They’re not looking to “tame” the West because they are too busy trying to survive it.

1

My grandfather, a Mexican-American man born and raised in the Rio Grande Valley region of South Texas, loved Westerns. When I was a little girl, I remember him watching them constantly, literally for hours on end. Years later, after he’d passed away, I started to wonder what drew him these stories, in which people who looked like him and spoke Spanish like him were often (not always, but often) relegated to roles of either bumbling sidekick or bandito.

While stories about the American West have existed since people have existed to tell them, the heyday of the Western in American popular culture was probably the 1940s and 1950s, when directors such as John Ford and George Stevens put out films (usually starring John Wayne) such as The Searchers, The Man Who Shot Liberty Valance, Shane, and True Grit. The heroes of these Westerns were white men – real men’s men, you know? – and the typical themes were man versus man (cowboy or settler fights the Indian or the bandit) and man against himself (cowboy or settler fights his fear of the unknown, his sense of uncertainty, his precarious place in this “new” world).  Other groups, such as Native Americans, African-Americans, Asian Americans, Spanish-speakers, women, and young people are in these stories, but are not the heroes. More often that not, in fact, they fail to transcend stereotypes.

In his 2013 article from The Atlantic, writer Michael Agresta argues that “Westerns have earned their place at the heart of the national culture and American iconography abroad because they’ve provided a reliable vehicle for filmmakers to explore thorny issues of American history and character.” He also insists, “For a century plus, we have relied on Westerns to teach us our history and reflect our current politics and our place in the world.”

Listen. I love history, but I’m not particularly interested in what a Western can “teach” me about it. This is because I subscribe to the belief that a Western set in 1846 is really more about the values and anxieties of people (Americans, predominately white Americans) who were going about their lives in 1946. And while I certainly don’t deny that a story set in an entirely different era can grandly sweep us away to a world so unlike ours, I still think that there’s a bit (or sometimes more than a bit) of that story that remains locked into the present.

This brings us to the state of the Western in the 2017. We are moving away from the John Wayne-type as the central character and opening up the possibilities of the genre. Last year’s film Hell Or High Water focuses on modern-day economic woes, and Antoine Fuqua’s recent remake of The Magnificent Seven features an inclusive cast led by Denzel Washington. And I’d even go so far as to suggest that the apocalyptic Mad Max: Fury Road could be thrown in there. In fiction for young adults, novels such as Stacey Lee’s Under a Painted Sky, The Devil’s West series by Laura Ann Gilman, Vengeance Road by Erin Bowman, and Rae Carson’s Gold Seer Trilogy have placed teenage girls in the center of the narrative.

I consider my newest novel, All the Wind in the World, to be a Western. It’s actually set in a future that looks a lot like the past, but as with traditional Westerns, my story features culture clashes and class clashes on the “frontier;” there’s fighting – sometimes outright with fists and weapons and sometimes subversively. The hero of my story is a mixed-race teenager attempting to work her way out of a crappy system designed to work her to death and wear her down. She’s surrounded by people like her, young people from different backgrounds and bloodlines who were born into or have fallen into a crappy system and who dream about something better. They’re not looking to “tame” the West because they are too busy trying to survive it. And because I am a person living in 2017 and an undeniable product of my time, my Western is really a story about today and who/what I think is important about today: young people and struggles with equity.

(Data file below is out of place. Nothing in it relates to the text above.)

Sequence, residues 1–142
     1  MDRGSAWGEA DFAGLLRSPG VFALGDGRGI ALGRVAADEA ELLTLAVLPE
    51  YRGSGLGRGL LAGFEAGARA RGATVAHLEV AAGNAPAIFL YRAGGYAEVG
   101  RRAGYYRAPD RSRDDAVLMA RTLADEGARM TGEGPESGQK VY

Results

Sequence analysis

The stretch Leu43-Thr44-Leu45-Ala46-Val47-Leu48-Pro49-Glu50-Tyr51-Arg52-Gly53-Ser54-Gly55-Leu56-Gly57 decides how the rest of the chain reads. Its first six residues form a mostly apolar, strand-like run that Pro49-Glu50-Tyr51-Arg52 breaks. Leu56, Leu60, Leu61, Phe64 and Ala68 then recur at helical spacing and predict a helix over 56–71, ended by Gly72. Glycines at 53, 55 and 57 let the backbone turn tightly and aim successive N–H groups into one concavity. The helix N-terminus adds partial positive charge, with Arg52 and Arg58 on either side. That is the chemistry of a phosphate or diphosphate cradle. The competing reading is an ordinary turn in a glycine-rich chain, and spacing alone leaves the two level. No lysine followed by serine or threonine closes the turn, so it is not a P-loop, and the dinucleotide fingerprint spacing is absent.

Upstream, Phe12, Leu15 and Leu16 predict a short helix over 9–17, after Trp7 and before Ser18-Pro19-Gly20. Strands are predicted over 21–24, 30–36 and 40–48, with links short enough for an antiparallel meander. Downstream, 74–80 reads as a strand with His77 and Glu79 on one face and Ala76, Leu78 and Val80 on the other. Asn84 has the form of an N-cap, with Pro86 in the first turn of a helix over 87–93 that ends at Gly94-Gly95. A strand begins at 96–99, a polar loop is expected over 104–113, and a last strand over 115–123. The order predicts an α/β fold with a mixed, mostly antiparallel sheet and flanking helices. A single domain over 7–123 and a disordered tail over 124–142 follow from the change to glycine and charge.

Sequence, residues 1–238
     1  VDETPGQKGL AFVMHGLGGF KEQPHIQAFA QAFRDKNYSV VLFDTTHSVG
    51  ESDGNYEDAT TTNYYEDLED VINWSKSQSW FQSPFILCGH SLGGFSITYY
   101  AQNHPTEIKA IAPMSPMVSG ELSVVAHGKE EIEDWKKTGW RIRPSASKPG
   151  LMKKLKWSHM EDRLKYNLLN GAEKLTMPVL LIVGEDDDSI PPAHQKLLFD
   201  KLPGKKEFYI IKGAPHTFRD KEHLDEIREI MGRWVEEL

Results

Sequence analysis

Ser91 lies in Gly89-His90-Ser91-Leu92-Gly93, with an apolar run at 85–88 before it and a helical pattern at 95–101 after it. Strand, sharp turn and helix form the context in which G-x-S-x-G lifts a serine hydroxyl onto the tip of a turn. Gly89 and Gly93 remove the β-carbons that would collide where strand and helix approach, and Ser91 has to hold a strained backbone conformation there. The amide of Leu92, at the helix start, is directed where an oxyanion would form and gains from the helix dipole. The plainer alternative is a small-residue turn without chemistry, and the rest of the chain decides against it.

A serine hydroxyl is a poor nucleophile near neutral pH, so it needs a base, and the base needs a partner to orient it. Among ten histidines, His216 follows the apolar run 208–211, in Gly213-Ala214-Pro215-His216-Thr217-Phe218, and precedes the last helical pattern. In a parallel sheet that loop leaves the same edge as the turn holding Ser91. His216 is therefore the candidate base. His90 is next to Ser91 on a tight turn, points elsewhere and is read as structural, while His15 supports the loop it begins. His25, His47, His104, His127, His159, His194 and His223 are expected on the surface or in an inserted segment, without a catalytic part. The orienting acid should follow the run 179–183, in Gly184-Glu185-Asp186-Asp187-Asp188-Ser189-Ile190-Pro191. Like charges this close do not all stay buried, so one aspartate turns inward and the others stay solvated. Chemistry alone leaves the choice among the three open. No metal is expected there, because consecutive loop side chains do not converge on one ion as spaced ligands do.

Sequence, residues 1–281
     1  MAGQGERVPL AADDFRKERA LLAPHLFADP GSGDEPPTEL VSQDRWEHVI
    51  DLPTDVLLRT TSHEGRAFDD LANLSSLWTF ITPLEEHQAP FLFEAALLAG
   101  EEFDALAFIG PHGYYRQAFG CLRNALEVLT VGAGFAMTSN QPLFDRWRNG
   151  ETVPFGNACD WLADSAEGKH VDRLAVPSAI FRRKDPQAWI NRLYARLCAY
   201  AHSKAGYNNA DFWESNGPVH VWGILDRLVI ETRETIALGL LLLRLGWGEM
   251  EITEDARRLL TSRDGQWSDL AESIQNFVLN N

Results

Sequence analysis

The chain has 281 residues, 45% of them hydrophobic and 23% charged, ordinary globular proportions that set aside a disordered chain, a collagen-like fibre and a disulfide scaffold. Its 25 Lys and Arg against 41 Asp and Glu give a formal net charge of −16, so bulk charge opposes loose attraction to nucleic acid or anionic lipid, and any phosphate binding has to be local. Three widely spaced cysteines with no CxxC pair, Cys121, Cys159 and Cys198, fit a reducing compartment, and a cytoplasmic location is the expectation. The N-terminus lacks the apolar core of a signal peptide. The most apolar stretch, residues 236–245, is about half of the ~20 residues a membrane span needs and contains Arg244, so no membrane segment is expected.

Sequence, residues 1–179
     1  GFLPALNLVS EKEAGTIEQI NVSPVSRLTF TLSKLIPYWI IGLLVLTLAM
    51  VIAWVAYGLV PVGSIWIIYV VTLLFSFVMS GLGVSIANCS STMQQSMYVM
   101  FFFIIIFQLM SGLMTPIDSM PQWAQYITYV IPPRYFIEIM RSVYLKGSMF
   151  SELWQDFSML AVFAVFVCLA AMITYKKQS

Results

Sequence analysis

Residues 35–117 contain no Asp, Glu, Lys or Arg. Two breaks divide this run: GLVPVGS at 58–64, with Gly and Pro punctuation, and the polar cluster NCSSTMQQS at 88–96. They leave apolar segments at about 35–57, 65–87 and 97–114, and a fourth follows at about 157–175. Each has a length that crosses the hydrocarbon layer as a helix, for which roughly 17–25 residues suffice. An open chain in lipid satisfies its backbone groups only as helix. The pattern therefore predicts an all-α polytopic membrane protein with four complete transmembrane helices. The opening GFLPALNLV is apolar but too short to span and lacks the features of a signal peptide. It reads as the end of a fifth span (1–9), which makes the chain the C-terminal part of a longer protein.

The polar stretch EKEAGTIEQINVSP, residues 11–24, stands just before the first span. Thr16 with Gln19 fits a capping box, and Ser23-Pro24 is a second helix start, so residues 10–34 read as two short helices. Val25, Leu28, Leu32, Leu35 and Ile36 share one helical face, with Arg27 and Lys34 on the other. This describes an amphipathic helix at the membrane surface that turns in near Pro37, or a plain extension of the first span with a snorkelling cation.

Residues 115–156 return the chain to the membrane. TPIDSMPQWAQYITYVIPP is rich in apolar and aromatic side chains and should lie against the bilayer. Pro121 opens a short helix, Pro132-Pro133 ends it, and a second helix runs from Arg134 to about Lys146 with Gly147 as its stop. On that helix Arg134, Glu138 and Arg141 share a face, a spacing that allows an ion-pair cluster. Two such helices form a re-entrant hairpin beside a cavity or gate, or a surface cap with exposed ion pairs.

Like my grandfather, I love old Westerns. But I’ve also learned to turn a critical eye on these stories in which people like me are often relegated to roles such as the saucy señorita or demure maiden. I agree that many Westerns reveal “thorny issues” about the American identity. I think that’s great and needs to happen more often. My hope is that the work of re-framing the West will continue (in young adult fiction and beyond), and that more figures that once were reduced to stereotypes and relegated to supporting roles, will emerge as heroes.

We talked to Samantha Mabry about her debut A Fierce and Subtle Poison.

Join our YA newsletter:

No spam guarantee.

Share.

About Author

Samantha Mabry

Samantha Mabry grew up in Texas playing bass guitar along to vinyl records, writing fan letters to rock stars, and reading big, big books, and credits her tendency toward magical thinking to her Grandmother Garcia, who would wash money in the kitchen sink to rinse off any bad spirits. She teaches writing and Latino literature at a community college in Dallas, Texas, where she lives with her husband, a historian, and her pets, including a cat named Mouse. She is the author of the novels A Fierce and Subtle Poison and All the Wind in the World (on sale October 10, 2017 from Algonquin Young Readers). Visit her online at samanthamabry.com or on Twitter: @samanthamabry.

1 Comment

  1. So many good points! I once read an article (can’t remember where) that explained cowboys were actually laborers, weren’t always paid very well and they even noted how the cowboys who were POCs aren’t given the credit that’s due to them, especially in westerns.

    It kinda takes the magic away but it adds another interesting layer of reality. My gpa also liked westerns a lot, too.